SLC and Park City
I'll be there next week and my wife and I are hoping to try a variety of really good food. It doesn't need to be fancy but we're not against the idea of fine dining either. I'll be staying kind of close to the mouth of the Cottonwoods but was planning to drive into downtown SLC as well as Park City for dinner. I think our plan is to try a couple nights of finer dining and a couple nights of really good chowhound-type places. We'll probably do just one night in Park City to see what its like.
I heard that the Red Iguana is good, but I don't know of much else.
Any and all suggestions (except for Indian - my wife isn't a fan) are welcome. I can't wait to get out there!
I don't know the park city food scene very well. It has several highly regarded high-end restaurants.
In salt lake, have an apres-ski garlic cheeseburger at the Cotton Bottom (6200 s Holladay Blvd). Coincidentally, right across the blvd is Franck's, which is good high-end fare. The Red Iguana is good, but it has been substantially watered-down over the years. I think the best mexican food in the state is actually at a place in Midway called Tarahumara. It's past park city off of highway 40. Definitely worth the trip.
Stop by the Mad Greek, Greek Souvlaki or Dask's for a gyro. I won't get into which is best, because everyone has a differing and valid opinion.
Downtown Salt lake has a new belgian waffle place (liege, not brussels) that also serves frites. pick one up and go next door to caputo's for excellent browsing. also downtown is settebello, a great neopolitan pizza place. next door to that is red rock brewing, which has the best food of any of the brewpubs in town (whether is has the best beer is up for debate). Este pizzaeria in sugarhouse is the best all-around pizza, i would say. Most mid-range restaurants aren't that great, but i would stop by the Bayou on state street for their immense beer selection and better-than-decent food. Red butte cafe in foothill is also solid.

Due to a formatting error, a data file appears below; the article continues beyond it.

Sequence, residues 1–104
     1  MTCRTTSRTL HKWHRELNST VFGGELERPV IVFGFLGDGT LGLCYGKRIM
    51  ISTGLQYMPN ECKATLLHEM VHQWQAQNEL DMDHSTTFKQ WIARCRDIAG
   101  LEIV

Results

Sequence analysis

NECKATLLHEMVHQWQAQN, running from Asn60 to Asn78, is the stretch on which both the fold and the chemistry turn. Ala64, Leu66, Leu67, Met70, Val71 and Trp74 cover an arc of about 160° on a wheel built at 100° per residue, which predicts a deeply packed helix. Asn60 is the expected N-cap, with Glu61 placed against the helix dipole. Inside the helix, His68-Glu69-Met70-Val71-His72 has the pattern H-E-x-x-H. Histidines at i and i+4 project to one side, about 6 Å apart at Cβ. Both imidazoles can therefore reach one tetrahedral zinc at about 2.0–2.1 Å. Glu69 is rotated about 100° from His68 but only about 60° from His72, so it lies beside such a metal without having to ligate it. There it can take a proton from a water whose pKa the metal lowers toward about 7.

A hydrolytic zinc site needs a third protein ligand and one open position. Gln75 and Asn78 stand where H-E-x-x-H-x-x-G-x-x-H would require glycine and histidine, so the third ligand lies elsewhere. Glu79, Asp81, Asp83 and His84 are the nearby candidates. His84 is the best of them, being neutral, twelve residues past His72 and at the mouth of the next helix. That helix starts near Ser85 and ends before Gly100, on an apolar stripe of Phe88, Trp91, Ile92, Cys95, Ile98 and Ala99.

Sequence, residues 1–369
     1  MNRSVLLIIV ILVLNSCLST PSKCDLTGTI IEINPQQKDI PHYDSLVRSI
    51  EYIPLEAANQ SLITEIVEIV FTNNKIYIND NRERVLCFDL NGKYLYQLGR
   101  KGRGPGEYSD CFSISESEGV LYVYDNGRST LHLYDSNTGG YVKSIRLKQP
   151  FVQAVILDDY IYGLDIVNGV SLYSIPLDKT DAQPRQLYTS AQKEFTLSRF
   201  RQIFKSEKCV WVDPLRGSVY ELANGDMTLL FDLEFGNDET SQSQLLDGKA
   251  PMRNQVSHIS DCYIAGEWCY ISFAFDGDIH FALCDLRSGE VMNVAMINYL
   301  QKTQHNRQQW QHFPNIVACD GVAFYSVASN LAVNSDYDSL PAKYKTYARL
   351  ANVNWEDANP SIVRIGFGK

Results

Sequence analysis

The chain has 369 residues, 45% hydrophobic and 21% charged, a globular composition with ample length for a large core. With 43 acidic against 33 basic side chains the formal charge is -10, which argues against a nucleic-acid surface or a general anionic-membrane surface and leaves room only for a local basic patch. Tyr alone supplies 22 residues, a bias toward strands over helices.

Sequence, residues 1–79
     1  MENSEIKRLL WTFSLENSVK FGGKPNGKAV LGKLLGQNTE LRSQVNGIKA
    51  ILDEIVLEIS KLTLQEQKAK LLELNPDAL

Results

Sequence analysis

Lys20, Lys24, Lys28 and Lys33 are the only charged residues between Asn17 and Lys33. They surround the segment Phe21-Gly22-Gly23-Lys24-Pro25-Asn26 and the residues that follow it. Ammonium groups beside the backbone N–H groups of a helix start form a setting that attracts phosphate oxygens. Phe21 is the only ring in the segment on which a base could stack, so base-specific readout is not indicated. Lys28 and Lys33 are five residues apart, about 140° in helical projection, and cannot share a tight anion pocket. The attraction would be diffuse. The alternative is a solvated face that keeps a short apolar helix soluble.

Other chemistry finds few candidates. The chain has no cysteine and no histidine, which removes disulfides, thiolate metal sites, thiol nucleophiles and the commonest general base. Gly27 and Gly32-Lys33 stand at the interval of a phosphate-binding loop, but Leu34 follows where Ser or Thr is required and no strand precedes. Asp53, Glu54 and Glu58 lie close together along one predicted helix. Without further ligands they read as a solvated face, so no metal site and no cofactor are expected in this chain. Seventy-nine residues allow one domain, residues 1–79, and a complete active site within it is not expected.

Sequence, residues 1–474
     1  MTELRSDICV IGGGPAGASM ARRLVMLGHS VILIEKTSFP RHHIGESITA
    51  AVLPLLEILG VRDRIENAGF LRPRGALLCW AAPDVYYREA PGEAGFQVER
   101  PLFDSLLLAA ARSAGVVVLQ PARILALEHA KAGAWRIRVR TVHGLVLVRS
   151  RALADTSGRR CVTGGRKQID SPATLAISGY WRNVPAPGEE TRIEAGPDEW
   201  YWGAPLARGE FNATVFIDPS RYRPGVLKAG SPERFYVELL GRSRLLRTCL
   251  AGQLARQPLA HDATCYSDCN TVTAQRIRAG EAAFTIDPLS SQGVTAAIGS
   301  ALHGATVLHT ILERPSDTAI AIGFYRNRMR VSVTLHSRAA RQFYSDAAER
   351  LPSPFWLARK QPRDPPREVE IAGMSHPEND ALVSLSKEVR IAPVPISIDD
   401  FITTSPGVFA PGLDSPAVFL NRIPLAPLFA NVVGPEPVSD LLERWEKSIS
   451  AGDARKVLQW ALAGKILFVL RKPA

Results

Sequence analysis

Two new farm-to-table restaurants opened in the last year, pago and forage, both in pretty much the same neighborhood. I haven't been to either, but i imagine they're worth a shot.
Have a good time!
Forage is relatively new in town, and is great. Very creative, very interesting, sometimes challenging but a great meal and wonderful experience. Probably the only place in town where you might get a dish seasoned with olive dust (i.e., olives frozen in liquid nitrogen, then shattered and sprinkled on your food instead of salt - at least that's the best I can figure they do).
Downtown I'd go with Takashi's. Excellent sushi.
You might also consider Fresco Italian Cafe or the Paris Bistro in the 15th and 15th neighborhoods.
Thanks for the info!
Forage looks REALLY interesting. Some questions are bouncing through my head: Is it heavy on the molecular stuff or does he dabble with it? Would you leave feeling hungry? How much would you expect to pay for a dinner for two with wine?
Em's looks delicious too. Thanks again!
Thanks for all the suggestions! My wife and I had a great four nights of dining in SLC.
Wednesday - Red Iguana - definitely worth the 45 minute wait. The mole was fantastic.
Thursday - Takashi's - FANTASTIC sushi. I was very impressed with the torched sablefish
Friday - Em's - The food and service was solid. I think that they need to do a little more refining of their food. It seemed a little too close to what I could get at home. Still very yummy!
Saturday - Pago's - It was a slight step up in its level of refinement and also had delicious food. I found the chocolate tamale to be underwhelming. Also, I found the wine list to be a little off-putting. It didn't seem to fit with the "neighborhood restaurant"/farm-to-table feel of the restaurant in that its bottles were all rather expensive. The price points of all the bottles were just as high (or higher than) as some very high-end restaurants in Boston. Plus, they had the same bottle of Spanish red at Em's for 15 bucks cheaper (50 versus 35).
All in all, I had a great week in SLC. Thanks for your input.